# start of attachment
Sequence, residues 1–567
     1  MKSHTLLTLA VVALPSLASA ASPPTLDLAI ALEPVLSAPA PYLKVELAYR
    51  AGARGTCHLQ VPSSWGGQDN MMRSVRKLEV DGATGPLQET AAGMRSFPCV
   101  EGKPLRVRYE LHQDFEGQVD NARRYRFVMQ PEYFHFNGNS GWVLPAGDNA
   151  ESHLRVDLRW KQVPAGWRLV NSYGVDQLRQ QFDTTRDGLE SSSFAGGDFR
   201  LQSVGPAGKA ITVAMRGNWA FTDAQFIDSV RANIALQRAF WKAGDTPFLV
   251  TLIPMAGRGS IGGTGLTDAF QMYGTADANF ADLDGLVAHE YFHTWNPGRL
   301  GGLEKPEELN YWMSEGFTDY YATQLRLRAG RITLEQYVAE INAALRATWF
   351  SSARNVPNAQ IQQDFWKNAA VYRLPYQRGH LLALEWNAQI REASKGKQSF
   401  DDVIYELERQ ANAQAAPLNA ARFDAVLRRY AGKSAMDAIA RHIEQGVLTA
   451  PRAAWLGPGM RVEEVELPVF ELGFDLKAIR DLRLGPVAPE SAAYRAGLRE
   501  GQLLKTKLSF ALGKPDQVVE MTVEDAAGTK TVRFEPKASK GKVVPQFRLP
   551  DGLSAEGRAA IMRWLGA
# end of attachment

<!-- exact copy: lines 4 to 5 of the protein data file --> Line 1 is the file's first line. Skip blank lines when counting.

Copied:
   101  EGKPLRVRYE LHQDFEGQVD NARRYRFVMQ PEYFHFNGNS GWVLPAGDNA
   151  ESHLRVDLRW KQVPAGWRLV NSYGVDQLRQ QFDTTRDGLE SSSFAGGDFR